One of our goals as we continue to work on Team Fortress is to support a wide variety of play styles. In order to achieve that, it's been vitally important that the weapons in the game are fun not just to use, but to play against. We want players on both the winning and losing sides of an engagement to feel like their skill is being rewarded. In other words, when someone beats you, it's because they played better, either through pure combat skill, or through their strategic choices in selecting their loadout. Consequently, we are always reviewing both real world player sessions and player feedback to hunt down items that aren't meeting this standard.
We'll be tweaking the stats on dozens of weapons in this next update—but we thought you might find it interesting if we walked you through the decision-making process on a select few.
To start with, let's look at the "banner" items for the Soldier. The most popular of these by far is The Buff Banner, which provides an offensive buff enabling nearby teammates to do additional burst damage. Conversely, The Battalion's Backup, another Soldier "banner" item, is barely ever equipped. The Backup's owner-equip rate is well below what we'd consider healthy, with less than 15% of players who own it ever equipping it. If this data wasn't enough, the feedback we've gotten from the Backup's owners easily corroborates the lack of interest.
Clearly, we needed to bring The Battalion's Backup up to parity with the usefulness of The Buff Banner. Previously, The Battalion's Backup rewarded players for taking additional damage, making it a frustratingly high-risk item. We found that most Soldiers would die well before they were able to build a full charge. When the next update ships, The Battalion's Backup builds up its charge by dealing damage rather than receiving it and provides additional damage resistance while active.
Let's look at another example with the opposite problem: The Dead Ringer. At roughly 80%, the equip rate for the Dead Ringer is staggeringly high. Given the many other items available in this category, this means that players feel they don't have any other viable option but choosing the Dead Ringer. We've gotten emails from players who describe the item as frustrating to fight against, requiring too little skill from the Spies and too much from their opponents.
In our next update, the Dead Ringer will work generally the same way it always has, letting Spies feign death to escape from damage that would have otherwise killed them. However, now any damage the Spy takes after his "death" will decrease the maximum length of time he can spend cloaked. This gives any players chasing the Spy more of an opportunity to catch up and deal a real finishing blow, while also requiring more skill from any Spy trying to make his way to actual safety.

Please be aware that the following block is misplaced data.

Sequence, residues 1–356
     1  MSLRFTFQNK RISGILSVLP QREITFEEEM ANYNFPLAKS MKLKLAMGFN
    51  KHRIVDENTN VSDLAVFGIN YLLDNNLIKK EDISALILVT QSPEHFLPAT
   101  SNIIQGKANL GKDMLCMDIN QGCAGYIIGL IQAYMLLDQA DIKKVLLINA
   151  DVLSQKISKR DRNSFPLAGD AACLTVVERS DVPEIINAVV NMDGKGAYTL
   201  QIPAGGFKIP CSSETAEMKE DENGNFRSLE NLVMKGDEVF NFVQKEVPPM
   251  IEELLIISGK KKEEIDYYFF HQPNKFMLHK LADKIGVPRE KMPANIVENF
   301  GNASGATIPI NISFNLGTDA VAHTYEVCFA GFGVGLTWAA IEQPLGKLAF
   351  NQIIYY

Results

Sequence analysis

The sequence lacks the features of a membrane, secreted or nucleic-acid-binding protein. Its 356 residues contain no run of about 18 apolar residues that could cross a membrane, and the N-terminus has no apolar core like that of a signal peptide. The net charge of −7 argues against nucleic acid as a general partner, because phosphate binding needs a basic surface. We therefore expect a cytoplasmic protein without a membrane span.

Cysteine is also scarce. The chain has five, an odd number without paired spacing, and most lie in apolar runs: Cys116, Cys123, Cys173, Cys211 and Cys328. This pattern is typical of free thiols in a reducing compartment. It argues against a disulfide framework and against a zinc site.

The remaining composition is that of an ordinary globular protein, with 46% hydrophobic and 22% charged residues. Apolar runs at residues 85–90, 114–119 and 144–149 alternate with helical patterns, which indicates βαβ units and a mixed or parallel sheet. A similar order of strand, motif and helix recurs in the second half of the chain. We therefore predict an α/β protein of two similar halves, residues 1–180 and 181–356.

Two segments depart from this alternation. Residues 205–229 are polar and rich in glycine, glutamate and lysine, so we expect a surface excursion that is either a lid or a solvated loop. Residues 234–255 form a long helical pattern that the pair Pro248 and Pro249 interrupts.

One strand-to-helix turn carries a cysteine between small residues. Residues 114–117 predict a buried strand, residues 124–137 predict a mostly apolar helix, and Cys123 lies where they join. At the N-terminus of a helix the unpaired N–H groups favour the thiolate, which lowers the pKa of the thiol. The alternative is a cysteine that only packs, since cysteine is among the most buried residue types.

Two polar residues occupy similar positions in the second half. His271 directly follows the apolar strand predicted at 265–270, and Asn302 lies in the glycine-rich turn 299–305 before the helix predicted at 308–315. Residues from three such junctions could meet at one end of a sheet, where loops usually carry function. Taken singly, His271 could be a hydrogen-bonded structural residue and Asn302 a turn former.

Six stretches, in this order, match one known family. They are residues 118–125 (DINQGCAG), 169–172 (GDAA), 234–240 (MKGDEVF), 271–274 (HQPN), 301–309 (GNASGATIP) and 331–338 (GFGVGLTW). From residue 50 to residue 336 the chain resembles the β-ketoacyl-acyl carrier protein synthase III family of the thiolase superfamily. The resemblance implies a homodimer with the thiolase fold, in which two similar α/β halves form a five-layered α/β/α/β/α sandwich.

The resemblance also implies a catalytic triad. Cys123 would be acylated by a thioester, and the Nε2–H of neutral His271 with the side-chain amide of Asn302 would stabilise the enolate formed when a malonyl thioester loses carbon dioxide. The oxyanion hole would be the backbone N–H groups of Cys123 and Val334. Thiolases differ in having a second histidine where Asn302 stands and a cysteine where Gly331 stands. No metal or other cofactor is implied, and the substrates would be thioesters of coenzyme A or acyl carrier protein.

Finally, we'd like to talk about item sets. Historically, item sets have been thematically consistent sets of items that provide a unique gameplay effect when worn together. Unfortunately, these gameplay effects had two negative effects. For one, they limited player choice, making players feel like they would be underpowered if not wearing the complete set. For another, it was a balancing nightmare. An individual item that might be balanced as part of a set could feel underpowered (or overpowered) on its own.
One of the main goals of introducing a new weapon is to give players more choices that will help them explore the game in fun new ways. Set bonuses had the opposite effect, making many players feel constrained in their choices.
Set bonuses also required players to have full knowledge of other players' loadouts, including currently "invisible" items like melee-slot weapons. For example, the Croc-o-Style Kit set bonus gives any Sniper equipping it immunity to headshots. But there was no way for a Sniper to know whether a targeted Sniper had the bonus simply by looking. And this wasn't an isolated problem. Similar issues cropped up around the Scout's Milkman set bonus (extra health) and the Demo's Expert's Ordnance set bonus (extra fire resistance).
For all of these reasons, as part of this next update, we've decided to change the way item set bonuses work. Players have traded for, purchased, and crafted these items, many in order to complete the sets and get these bonuses, and we're not abandoning the bonuses outright. Instead, we've moved the gameplay bonuses to specific items within the sets, and introduced new bonuses to these sets that won't affect gameplay balance.
We look at this as an ongoing process. We want to provide more choices, more variety, and more clarity—all of which will hopefully result in a game that's even more fun. But more importantly, we want the TF2 community to feel as invested in this as we are.
So please, let us know what you think.
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